• But the environment remains a complex one, made more complicated by the resurgent Delta variant of the coronavirus. There are dis-ruptions in some states and in countries around the globe that continue to impose restrictions. Turning too complacent now would not be a good idea although it is very clear that those most affected are those that have not had their vaccines. Nonetheless, this continues to pose a risk that is not insignificant. nally, it is worth noting that US Treasury Secretary Yellen has warned Congress not to delay the passing of a bi-partisan bill to extend the debt ceiling so as to avoid a government shutdown in October. The warning aims to mitigate the effects of a self-inflicted shutdown at a precarious time in the economic recovery. The Republicans will however be reluctant to do away with one of the few pieces of leverage that they have over the Democrats to contain spending.
  • Shifting to the FX market, consolidation was the order of the day as the ZMW closed little-changed yesterday. More Fedspeak and a stronger case for tapering and the USD has found more support. The USD index is now trading up to the highs seen in mid-July, with a break above that offering the greenback a green light to rally further. There is limited data and information for traders to respond to at the moment, which will leave the focus for today on any comments made by the Fed’s Mester. For now, the weekly bias appears to be tilted more to the topside.


Rand and International FX Commentary

  • A cabinet reshuffle announced by President Cyril Ramaphosa last Thursday and solid US jobs data on Friday ultimately saw the ZAR end last week on the back foot. While the ZAR initially sank 2.50% on the resignation of former Finance Minister Tito Mboweni, further down-side pressure was limited as the currency quickly trimmed losses during the session following the announcement of cabinet changes, in-cluding Enoch Godongwana as the new finance chief. Investors ultimately assessed the change to have minimal impact on fiscal consolida-tions plans, with challenges on that front remaining firmly in place given the government’s reliance on debt and South Africa’s low-trend growth to support expansive fiscal policy.
  • However, losses on the session were not fully recouped as riskier currencies, in general, were dealt a blow by a bumper US jobs report. The nonfarm payrolls print surprised to the topside, with the US economy adding 943k jobs in July compared to expectations surveyed by Bloomberg of 870k, pointing to a healthy labour market. This is ultimately a step towards meeting the Fed’s goal of reaching pre-pandemic labour market conditions, which would see the central bank removing monetary support along the way. US Treasury yields have subse-quently traded to near one-month highs, increasing the greenback’s appeal while weighing on emerging market and riskier assets.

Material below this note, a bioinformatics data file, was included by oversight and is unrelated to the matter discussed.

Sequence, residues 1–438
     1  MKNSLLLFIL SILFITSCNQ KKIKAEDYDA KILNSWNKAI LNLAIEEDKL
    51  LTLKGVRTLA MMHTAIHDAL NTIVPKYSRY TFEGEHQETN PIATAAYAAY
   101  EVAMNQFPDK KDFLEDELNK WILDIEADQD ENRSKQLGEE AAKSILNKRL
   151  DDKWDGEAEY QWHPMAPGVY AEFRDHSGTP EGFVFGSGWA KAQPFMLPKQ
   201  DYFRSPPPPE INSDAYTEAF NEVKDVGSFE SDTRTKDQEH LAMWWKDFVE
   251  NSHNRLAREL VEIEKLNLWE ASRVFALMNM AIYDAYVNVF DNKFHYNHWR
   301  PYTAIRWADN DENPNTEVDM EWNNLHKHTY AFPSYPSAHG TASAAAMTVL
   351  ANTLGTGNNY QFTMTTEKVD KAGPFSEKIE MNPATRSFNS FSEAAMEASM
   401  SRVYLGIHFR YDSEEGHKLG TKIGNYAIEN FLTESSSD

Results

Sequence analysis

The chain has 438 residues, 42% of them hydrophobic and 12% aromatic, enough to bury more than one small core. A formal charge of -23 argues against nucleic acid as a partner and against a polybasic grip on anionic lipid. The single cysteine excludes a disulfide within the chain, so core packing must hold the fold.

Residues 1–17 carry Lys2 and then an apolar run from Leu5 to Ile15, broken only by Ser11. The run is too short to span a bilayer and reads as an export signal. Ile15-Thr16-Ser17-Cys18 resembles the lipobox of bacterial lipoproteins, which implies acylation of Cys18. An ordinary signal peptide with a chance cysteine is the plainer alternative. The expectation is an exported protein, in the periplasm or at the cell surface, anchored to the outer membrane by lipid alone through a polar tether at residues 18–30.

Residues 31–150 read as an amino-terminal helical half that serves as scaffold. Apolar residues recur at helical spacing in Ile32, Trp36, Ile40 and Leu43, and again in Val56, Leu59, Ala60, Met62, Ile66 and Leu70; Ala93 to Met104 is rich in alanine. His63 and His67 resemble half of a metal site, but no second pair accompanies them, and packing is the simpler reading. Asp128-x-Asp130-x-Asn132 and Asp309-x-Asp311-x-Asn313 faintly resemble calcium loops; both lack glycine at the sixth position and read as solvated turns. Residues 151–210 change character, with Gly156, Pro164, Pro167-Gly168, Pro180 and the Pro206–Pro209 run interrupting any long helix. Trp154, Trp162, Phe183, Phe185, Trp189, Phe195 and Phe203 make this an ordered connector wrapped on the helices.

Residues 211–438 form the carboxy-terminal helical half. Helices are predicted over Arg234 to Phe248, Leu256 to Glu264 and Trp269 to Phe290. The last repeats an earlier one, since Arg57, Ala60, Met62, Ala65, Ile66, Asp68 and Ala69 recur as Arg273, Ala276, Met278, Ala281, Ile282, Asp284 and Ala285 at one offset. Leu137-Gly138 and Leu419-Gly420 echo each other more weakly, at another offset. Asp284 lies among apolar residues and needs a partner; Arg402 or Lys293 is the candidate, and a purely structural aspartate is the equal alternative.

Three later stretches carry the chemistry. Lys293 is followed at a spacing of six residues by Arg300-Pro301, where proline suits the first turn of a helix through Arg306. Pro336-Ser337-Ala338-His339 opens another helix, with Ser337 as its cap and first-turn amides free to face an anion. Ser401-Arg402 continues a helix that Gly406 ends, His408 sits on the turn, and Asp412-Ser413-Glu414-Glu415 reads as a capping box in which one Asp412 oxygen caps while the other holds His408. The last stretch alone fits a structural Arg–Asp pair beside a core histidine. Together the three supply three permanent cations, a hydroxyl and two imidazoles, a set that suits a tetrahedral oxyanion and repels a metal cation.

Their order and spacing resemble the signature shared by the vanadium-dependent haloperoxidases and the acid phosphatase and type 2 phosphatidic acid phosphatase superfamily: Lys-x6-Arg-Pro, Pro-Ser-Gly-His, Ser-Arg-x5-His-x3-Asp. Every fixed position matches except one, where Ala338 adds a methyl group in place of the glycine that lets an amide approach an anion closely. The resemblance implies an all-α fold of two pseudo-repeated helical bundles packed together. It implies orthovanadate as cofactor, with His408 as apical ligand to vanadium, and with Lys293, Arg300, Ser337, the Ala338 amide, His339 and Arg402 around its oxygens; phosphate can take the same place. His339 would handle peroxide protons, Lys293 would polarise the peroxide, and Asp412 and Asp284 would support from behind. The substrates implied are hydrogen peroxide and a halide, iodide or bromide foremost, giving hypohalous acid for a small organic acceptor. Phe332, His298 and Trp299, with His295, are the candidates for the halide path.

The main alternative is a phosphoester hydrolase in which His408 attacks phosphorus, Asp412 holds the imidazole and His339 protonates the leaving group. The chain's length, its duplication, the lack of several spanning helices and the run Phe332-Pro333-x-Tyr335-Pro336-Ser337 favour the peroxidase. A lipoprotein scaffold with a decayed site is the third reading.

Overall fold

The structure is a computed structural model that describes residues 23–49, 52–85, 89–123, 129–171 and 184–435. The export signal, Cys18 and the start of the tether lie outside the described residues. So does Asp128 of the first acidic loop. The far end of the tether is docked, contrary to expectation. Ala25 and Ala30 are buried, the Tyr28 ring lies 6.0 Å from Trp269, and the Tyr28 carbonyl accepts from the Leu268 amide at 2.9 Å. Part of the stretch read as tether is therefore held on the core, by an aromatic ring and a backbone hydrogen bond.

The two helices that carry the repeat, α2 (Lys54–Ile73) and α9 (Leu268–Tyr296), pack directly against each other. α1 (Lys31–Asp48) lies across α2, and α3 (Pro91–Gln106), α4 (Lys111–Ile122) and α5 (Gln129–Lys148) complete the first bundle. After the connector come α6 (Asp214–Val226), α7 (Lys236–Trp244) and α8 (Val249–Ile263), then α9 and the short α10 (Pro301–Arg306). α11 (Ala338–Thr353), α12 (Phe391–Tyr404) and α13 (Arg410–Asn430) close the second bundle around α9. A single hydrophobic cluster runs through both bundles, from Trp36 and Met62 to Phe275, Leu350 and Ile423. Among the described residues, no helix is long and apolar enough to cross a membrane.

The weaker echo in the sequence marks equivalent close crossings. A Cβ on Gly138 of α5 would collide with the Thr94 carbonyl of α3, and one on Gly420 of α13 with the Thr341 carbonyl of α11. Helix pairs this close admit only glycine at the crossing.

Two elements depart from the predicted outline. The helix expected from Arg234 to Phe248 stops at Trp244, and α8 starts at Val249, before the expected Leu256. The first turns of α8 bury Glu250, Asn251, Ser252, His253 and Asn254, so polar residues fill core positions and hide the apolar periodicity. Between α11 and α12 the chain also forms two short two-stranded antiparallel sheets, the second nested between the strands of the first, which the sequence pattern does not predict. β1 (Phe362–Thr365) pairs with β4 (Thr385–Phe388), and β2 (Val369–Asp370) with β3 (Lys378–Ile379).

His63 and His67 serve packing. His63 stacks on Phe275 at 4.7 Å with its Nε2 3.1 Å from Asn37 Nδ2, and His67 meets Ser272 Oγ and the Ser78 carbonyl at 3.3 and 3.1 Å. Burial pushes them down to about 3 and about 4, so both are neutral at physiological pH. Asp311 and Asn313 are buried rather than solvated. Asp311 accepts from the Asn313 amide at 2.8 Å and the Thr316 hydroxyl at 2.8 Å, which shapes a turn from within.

• The combination of Friday’s developments saw the ZAR end the session 1.70% weaker at 14.6300/$, removing all of its weekly gains. With domestic markets shut for a holiday yesterday, international trade saw the local unit take direction from broader currency dynamics. The USD, meanwhile, remained buoyant and received a boost from hawkish comments of central bank officials yesterday. Atlanta Fed Presi-dent Raphael Bostic said he is eyeing a fourth-quarter start to tapering, while Boston Fed President Rosengren said the Fed should an-nounce at the September meeting that it will start reducing its $120 billion monthly Treasury and mortgage bonds. 
  • As such, the ZAR picked up where last week left off, declining 0.70% to close at 14.7350/$. Weaker sentiment has followed through over-night, with the ZAR trading amongst the laggards in the EM sample of currencies on the day thus far. Domestic manufacturing data in the day ahead will unlikely turn the tide for the ZAR, given the data will be based on June’s output and any recovery will likely have been un-done by the riots and looting that July held. The week ahead will see more up-to-date data with the SACCI business confidence index due tomorrow, while the domestic data card is rounded off on Thursday with mining production stats. Externally, the market has Eurozone economic sentiment data to digest in the day ahead, where even a considerably strong reading is unlikely to support the euro against a significantly buoyant USD at present.  

Nicholas Kabaso